(2019, 99 min)
Director: Camille Vidal-Naquet
Studio: Strand Releasing
Language: French w/subtitles
Sauvage/Wild, filmmaker Camille Vidal-Naquet's riveting and vibrant erotic journey of a 22-year-old male prostitute named Leo, features a stunning performance from Felix Maritaud (BPM, Boys, Knife+Heart). Leo trades in love as much as lust and wanders through his life without rules or restrictions. Through a series of encounters that offer a glimpse into the complicated and visceral world of male sex work, Leo finds himself searching for affection anywhere he can get it - whether it's the unrequited love for his hustler friend Ahd (Eric Bernard) or in the arms of an older, vulnerable client. Will Leo choose his freedom and the dangers that come with it, or the comforts of a stable relationship? After all, in this unpredictable world, who knows where he'll end up?
The opening scene of “Sauvage / Wild” alerts viewers to be up for anything. A doctor (Lionel Riou) takes the symptoms of a patient (Félix Maritaud) and asks him to undress. The doctor turns out to work for the French equivalent of the I.R.S., and the patient — the film’s protagonist — turns out to be a prostitute. This role-playing exercise is hardly the most surprising tryst we will witness over the course of this sexually frank debut feature from the French writer-director Camille Vidal-Naquet.
The hustler — never given a name, though the director calls him Leo — takes a laissez-faire attitude toward prostitution, both as a business and as a lifestyle. Ahd (Éric Bernard), a colleague he solicits with along a park road, asks him why he kisses his clients: “It’s like you enjoy being a whore.” Viewed one way, “Sauvage / Wild” is a cautionary tale about the perils of blurring what you do and who you are.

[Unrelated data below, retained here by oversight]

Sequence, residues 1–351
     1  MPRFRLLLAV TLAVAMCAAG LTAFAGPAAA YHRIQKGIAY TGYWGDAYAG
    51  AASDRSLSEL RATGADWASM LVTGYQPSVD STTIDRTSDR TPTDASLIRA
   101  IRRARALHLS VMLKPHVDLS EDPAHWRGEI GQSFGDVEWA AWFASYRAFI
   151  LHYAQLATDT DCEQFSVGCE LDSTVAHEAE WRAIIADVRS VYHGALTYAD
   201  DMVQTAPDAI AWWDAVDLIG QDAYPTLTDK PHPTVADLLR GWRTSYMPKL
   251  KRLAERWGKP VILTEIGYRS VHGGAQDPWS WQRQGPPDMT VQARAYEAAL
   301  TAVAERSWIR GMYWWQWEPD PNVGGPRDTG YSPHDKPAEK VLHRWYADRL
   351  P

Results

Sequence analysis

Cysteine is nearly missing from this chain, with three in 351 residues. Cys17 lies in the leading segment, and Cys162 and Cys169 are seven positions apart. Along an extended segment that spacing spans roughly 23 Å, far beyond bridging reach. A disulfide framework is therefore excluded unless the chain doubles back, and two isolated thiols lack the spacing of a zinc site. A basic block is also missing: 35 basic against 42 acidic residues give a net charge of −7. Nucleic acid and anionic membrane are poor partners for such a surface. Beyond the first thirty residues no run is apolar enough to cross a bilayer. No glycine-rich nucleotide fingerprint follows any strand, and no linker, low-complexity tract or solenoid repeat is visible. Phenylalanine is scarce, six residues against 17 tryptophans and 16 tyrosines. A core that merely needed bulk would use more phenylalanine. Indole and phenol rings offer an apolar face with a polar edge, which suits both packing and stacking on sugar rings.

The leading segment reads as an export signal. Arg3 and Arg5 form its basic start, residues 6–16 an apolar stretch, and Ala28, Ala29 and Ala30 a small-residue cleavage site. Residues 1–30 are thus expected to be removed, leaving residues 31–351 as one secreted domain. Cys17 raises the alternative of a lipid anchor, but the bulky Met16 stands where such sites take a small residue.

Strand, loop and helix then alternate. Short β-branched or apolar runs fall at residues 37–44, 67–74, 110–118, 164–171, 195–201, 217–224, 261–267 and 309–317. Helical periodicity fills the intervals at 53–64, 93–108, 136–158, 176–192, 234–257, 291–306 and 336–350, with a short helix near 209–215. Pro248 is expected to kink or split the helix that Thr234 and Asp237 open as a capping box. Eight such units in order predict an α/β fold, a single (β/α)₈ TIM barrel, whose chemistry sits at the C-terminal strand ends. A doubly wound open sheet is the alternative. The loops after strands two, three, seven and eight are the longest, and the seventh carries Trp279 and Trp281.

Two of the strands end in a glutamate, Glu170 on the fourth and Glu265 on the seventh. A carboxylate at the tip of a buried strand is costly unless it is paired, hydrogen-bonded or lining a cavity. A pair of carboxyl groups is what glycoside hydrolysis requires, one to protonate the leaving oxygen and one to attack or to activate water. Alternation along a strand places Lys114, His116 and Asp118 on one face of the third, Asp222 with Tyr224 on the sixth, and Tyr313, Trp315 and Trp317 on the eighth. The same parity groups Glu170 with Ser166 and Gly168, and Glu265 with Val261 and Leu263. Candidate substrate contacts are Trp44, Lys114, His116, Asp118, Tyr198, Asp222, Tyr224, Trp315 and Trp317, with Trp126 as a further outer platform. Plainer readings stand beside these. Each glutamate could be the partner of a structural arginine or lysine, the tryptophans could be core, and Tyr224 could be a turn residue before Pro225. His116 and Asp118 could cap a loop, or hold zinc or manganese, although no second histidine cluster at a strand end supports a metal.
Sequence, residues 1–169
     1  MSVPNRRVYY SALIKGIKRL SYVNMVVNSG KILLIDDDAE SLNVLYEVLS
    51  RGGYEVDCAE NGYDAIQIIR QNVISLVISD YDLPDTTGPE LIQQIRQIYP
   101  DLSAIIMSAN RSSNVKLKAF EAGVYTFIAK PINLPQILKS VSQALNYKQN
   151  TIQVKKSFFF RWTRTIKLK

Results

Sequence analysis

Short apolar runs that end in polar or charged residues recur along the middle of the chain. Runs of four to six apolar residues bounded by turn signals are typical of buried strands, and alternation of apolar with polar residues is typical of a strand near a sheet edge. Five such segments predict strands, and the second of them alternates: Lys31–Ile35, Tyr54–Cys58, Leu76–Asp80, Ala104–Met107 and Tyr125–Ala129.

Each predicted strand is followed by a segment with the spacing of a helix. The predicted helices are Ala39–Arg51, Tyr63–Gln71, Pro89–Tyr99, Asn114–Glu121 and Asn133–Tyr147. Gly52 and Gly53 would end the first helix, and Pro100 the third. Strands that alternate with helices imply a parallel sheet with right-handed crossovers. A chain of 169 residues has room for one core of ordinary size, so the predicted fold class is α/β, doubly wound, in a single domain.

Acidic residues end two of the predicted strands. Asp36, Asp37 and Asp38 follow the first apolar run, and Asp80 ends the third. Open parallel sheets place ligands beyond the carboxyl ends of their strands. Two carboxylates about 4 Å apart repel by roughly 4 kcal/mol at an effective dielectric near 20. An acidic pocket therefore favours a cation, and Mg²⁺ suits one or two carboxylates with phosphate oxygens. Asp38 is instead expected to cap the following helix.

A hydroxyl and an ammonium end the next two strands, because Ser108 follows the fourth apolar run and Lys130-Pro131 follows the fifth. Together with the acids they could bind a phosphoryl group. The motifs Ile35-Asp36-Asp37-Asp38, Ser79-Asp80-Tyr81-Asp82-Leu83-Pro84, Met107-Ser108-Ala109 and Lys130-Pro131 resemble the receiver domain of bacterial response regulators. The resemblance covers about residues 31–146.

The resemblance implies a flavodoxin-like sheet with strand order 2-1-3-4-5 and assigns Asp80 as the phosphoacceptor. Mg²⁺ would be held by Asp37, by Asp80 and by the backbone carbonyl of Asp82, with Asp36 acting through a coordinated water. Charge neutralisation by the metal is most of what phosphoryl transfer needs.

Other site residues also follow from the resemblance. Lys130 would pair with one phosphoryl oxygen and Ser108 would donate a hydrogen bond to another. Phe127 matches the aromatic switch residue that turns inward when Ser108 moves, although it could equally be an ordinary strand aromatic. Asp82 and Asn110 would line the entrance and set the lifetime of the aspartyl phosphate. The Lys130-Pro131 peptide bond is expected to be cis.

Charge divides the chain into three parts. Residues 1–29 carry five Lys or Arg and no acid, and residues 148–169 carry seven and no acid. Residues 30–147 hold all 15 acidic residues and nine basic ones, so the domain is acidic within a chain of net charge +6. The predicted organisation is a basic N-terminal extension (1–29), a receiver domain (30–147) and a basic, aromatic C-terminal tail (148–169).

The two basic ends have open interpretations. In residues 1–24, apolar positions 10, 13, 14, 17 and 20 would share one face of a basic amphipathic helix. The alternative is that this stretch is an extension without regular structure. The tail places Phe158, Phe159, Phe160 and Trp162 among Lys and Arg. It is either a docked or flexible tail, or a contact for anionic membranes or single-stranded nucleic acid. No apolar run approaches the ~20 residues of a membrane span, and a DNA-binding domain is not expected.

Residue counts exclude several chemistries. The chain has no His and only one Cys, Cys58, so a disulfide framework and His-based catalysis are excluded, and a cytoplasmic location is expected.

Naïveté may be Leo’s defining attribute. When a newcomer to the turf begins charging less than the community rate for oral sex, Leo comes to his defense, saying he’s not bothering anyone. (Never mind that the man will later teach Leo a sneaky method for drugging a john.)
Leo is also in love with Ahd, who can be sensitive and protective; he allows Leo to cuddle with him the morning after a party and later helps him recoup money from clients who rough him up. But Ahd advises him to leave the grind. “Find an old guy,” he says. “A nice one. It’s the best that can happen to us.” But whether Leo desires to escape is an unsettled question.
The film doesn’t avoid addressing certain dangers of prostitution. Leo is shown being graphically violated, and the men fear a would-be client known as “the pianist,” who is known for twisted tastes. Also Leo, a chronic crack user who midway through the film receives a diagnosis for a possible lung infection, doesn’t look like he is in enviable health.
But in both conception and conclusion, the movie takes a pie-eyed view of Leo’s ostensible wildness, as if living on the streets, drug addiction and charging money for sex were just radical expressions of liberty. Vidal-Naquet sells this facile notion by keeping his protagonist a borderline cipher — even-tempered, accommodating, seemingly at peace with drifting. It’s tough to build a character study around an unconvincing character.
-- Review by Ben Kenigsberg, New York Times (https://www.nytimes.com)